Friday, March 26, 2010
Again, I will still post here intermittently - I still have a book/film adaptation double review of Ryu Murakami's "Almost Transparent Blue" coming down the pike, for example - but I hope you join us over at VCinema as well. By the way, besides the main site, we're also on iTunes (as "VCinema").
Tuesday, January 5, 2010
Author: Haruki Murakami; Director: Kazuki Omori
Must be difficult to be asked to write and direct the film adaptation of a novella which had already won a prestigious Gunzo literary award. Then again, director Kazuki Omori, who would go on to direct Godzilla in two Heisei-era romps (vs. Biollante in ‘89 and vs. King Ghidorah in ‘91), would not know that he would be handling the debut work of an author who would later win several prizes and be dubbed “among the world's greatest living novelists” among other accolades. He would however know what a task it would be to write and adapt a book essentially about nothing.
To be fair, Haruki Murakami (The Wind-Up Bird Chronicle, Norwegian Wood) didn’t write his book about the same nothing as Seinfeld’s. Rather, Hear the Wind Sing is a pastiche of characters who seemingly wander from one in-novel set piece to the next, interacting with each other as if delivering monologue. This quiet-cool, hard boiled style has earned Murakami accolades as well as criticisms from those who accuse him of being a stylistic one trick pony.
The novella feels like it could have been at least partially autobiographical for Murakami in 1979. It essentially follows a nameless protagonist’s return to his hometown during a break from school. Within in the narrative are scenes and ruminations on relationships, music (jazz and rock and roll), beer, cigarettes, class inequality, french fries, and pinball. Hear the Wind Sing feels aimless but at the same time fits a post-modern “going nowhere but looking good while doing so” aesthetic.
The movie Hear the Wind Sing then is an attempt to ride that aesthetic visually. At first, the cast don’t seem up to the task of replicating their text counterparts. Kaoru Kobayashi, normally an excellent actor, looks rather nebbish for the part and narrates Murakami’s prose rather woodenly. Kimie Shingyoji, who resembles a younger, more beautiful Eihi Shiina (Audition, Tokyo Gore Police), plays her character, a recurring woman in the narrator’s short return home, seemingly with ice running through her veins. Koichi Makigami, a highly talented musician and vocalist (see YouTube clip below), certainly looks the part of his character (named “The Rat”) with his rodent-like wide cheeks and squinty features but hardly emanates the coolness of a Murakami character.
Director Omori, who also wrote the screenplay, however, did try to create visuals which matched the quirkiness of the novella. There are several sepia-toned and black and white flashbacks, stock clips of ‘60s Japanese student movement riots, a funny and surreal film-within-the-film sequence, and even animation scenes that reflect the novella’s sometimes patch-work like construction. While interesting, the shifts can sometimes feel jarring and sometimes add unnecessary visual noise. Somewhere along the way, however, Omori manages to put both disparate elements in his film together and make them work. It can be said that some novels but especially Murakami’s have to exist in their own worlds. The casting and stylistic issues seem at first like missteps because they feel too much a part of a movie world and not Murakami’s world, a shift that does not occur until halfway through. If Omori had been able to figure out how to start in Murakami’s world earlier, the movie would have worked better but once the first chords of “California Girls”, a recurring piece on the soundtrack (which has an eclectic mix of bop, free jazz, early electronic music, and rock), kick in for the first time then we know Omori has made the shift.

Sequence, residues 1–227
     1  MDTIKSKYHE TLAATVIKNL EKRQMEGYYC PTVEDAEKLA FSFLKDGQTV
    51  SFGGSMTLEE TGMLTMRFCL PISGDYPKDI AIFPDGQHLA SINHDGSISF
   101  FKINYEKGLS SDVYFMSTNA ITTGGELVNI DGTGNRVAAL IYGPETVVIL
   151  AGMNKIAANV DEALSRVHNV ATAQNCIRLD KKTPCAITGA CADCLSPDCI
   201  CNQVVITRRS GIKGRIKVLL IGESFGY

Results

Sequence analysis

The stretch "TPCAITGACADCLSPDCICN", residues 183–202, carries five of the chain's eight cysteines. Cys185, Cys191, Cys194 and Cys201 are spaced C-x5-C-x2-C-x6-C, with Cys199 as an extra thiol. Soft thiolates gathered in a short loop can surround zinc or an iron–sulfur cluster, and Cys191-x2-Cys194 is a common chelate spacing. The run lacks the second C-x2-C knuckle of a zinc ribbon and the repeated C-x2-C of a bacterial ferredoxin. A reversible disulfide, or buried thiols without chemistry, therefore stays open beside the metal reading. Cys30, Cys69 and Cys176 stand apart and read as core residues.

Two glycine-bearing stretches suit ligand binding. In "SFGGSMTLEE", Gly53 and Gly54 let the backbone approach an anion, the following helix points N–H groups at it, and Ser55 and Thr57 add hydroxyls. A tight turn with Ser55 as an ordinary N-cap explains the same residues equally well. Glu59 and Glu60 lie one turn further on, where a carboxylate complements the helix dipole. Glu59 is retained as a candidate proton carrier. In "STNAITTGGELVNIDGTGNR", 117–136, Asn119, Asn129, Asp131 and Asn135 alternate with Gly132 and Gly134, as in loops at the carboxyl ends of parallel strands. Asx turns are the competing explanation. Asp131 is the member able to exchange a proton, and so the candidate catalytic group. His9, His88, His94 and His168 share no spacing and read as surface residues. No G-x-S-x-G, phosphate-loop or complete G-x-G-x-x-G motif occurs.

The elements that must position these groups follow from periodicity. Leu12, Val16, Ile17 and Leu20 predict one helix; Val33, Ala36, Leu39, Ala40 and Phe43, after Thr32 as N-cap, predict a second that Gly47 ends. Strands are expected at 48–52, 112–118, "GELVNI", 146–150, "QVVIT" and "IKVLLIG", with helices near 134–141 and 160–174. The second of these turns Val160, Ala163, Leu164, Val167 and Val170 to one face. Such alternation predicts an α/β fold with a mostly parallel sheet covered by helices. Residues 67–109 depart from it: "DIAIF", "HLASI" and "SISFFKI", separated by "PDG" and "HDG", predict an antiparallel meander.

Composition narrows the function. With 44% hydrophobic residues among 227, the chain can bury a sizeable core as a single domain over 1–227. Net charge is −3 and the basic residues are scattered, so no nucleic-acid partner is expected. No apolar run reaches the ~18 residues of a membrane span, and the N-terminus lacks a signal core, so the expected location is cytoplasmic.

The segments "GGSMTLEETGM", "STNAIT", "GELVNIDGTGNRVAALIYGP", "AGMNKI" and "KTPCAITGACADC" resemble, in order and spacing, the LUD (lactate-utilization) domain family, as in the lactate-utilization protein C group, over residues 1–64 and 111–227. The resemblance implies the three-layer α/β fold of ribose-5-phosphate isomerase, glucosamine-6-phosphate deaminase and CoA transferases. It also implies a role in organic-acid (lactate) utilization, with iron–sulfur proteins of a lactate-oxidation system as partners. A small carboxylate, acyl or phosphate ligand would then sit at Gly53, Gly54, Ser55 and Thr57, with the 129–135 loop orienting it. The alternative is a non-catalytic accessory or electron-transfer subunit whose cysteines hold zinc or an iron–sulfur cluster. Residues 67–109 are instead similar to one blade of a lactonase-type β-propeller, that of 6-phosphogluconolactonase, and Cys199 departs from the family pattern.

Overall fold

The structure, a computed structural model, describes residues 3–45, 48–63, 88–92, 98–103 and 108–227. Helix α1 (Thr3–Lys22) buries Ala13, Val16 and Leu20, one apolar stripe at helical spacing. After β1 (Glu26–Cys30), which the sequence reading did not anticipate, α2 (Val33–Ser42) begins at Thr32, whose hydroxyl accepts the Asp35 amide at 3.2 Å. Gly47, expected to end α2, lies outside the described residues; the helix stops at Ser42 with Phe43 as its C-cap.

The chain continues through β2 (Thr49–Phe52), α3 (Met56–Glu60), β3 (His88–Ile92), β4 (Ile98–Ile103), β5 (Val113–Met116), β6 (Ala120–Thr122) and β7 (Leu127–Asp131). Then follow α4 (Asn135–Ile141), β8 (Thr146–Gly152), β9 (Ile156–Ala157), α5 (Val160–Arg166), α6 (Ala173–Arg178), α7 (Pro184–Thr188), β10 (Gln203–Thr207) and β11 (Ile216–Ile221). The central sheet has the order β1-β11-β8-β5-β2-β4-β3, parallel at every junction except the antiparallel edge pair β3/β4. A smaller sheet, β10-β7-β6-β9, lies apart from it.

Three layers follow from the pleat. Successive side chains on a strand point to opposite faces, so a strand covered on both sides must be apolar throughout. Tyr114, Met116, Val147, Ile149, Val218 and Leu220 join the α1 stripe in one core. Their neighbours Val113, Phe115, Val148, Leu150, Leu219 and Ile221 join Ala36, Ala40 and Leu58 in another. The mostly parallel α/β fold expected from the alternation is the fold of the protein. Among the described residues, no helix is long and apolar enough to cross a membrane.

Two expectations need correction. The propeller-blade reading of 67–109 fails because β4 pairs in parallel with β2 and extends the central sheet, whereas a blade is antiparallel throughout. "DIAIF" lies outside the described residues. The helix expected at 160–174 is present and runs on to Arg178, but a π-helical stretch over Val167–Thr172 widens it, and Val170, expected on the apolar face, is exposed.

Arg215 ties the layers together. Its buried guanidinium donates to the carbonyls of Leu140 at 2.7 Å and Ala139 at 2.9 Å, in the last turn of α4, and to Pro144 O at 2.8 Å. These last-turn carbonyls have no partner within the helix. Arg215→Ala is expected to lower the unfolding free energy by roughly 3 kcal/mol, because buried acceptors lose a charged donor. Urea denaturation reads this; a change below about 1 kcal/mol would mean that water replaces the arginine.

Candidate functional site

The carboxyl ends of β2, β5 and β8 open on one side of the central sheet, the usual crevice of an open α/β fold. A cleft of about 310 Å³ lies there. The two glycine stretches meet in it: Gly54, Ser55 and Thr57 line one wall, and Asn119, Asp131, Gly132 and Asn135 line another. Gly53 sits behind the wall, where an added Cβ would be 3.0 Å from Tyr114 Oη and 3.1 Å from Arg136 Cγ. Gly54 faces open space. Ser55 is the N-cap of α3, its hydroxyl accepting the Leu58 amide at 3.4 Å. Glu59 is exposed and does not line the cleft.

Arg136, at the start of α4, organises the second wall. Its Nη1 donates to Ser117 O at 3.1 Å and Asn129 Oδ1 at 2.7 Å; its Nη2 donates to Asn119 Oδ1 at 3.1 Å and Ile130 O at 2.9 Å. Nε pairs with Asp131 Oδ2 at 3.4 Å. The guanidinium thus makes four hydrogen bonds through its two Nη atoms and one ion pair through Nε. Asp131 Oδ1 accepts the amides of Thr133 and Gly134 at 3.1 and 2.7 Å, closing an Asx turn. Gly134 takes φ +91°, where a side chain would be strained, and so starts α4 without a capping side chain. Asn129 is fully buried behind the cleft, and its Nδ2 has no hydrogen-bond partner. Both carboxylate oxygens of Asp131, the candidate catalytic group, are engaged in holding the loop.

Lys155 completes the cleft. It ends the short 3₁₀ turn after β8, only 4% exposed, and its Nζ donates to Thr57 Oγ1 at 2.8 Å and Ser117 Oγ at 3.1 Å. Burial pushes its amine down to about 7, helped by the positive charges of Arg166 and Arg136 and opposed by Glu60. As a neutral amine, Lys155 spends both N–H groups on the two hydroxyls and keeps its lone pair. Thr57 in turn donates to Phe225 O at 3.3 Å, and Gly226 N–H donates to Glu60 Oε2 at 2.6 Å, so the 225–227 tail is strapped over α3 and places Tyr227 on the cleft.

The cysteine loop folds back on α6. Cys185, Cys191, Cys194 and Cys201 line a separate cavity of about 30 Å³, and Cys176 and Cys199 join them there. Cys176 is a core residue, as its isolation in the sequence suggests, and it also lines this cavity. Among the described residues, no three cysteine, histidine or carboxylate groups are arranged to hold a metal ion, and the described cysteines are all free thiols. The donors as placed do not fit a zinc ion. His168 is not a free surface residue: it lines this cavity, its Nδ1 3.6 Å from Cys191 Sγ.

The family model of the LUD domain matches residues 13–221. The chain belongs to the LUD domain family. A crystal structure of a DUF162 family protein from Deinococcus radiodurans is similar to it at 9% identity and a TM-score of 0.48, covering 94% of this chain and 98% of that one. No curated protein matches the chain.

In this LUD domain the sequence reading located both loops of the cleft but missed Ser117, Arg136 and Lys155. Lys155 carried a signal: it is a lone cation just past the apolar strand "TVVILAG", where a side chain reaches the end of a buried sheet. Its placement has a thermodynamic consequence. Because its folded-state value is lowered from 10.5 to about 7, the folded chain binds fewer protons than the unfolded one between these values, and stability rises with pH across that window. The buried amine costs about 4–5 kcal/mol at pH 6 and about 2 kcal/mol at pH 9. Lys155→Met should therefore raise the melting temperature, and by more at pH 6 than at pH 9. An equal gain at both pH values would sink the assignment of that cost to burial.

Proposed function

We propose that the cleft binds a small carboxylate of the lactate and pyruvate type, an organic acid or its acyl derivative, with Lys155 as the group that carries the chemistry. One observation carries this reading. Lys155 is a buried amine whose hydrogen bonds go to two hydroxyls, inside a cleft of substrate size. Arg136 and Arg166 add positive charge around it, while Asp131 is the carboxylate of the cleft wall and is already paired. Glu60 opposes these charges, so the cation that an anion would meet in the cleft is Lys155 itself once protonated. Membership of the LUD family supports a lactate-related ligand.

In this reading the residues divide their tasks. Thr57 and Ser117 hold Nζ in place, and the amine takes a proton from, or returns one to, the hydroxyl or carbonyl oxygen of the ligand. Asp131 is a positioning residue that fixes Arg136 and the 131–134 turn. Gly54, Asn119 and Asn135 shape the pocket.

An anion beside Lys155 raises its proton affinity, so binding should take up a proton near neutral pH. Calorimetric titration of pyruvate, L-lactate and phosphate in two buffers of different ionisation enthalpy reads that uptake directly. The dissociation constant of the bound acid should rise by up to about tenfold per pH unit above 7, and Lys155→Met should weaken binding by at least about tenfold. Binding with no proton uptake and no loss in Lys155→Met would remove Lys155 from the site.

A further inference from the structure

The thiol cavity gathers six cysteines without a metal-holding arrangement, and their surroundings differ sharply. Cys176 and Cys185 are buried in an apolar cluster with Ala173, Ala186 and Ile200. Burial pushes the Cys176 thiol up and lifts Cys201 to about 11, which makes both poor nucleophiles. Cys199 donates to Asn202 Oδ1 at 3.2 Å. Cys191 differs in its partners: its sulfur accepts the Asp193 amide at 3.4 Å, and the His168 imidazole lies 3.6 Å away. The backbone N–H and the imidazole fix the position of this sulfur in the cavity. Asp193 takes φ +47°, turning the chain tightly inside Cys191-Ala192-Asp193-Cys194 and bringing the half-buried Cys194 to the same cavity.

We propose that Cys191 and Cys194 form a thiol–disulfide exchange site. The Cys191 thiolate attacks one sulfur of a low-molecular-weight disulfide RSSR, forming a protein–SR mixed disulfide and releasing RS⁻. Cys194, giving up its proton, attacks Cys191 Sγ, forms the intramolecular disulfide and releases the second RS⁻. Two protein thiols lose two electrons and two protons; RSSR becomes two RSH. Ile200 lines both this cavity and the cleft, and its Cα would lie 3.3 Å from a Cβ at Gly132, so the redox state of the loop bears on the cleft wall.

Murakami’s work has been likened to music (c.f. Haruki Murakami and the Music of Words by Jay Rubin) not surprisingly considering he constantly references musicians, primarily western ones, in his stories. Stylistically, as any musician can tell you, what’s not played is as important as what is played. A drumbeat, for example, is typically definable by the space between beats as much as the beats themselves. Murakami’s style very much fits this metaphor in that he gives the reader just enough to be able to fill in any spaces left empty in the narrative. That Omori could take this style and make a good film out of it is a feat akin to making something out of nothing.
Hear the Wind Sing, the novella, was never released outside of Japan. An English-translated version exists but is currently out of print. The movie also was never released outside of Japan but can be viewed on YouTube without subtitles here.
Saturday, December 26, 2009
Distance (Hirokazu Koreeda, 2001)
9 Souls (Toshiaki Toyoda, 2003)
Crying Out Love, In the Center of the World (Isao Yukisada, 2004)
Eureka (2000, Shinji Aoyama)
Tokyo Sonata (2008, Kiyoshi Kurosawa)
Battle Royale (2000, Kinji Fukasaku)
Vibrator (2003, Ryuichi Hiroki)
Hana and Alice (2004, Shunji Iwai)
Heart Beating in the Dark (2005, Shunichi Nagasaki)
Tokyo Godfathers (2003, Satoshi Kon)
It should be noted that there were several releases that really should have made this list (whether Kurosawa’s Bright Future deserved mention over Tokyo Sonata was a chore in itself) and certainly many more I have not even seen (early indicators suggest that Koreeda’s recent Air Doll might have supplanted Distance on my list, for example). The point of this list is that the 'noughts' have shaped up to be one of the most prolific decades in Japanese film since the fifties and there is plenty of talent to be excited about for the upcoming decade.
So what are your favorite films, Japanese or otherwise, of this decade?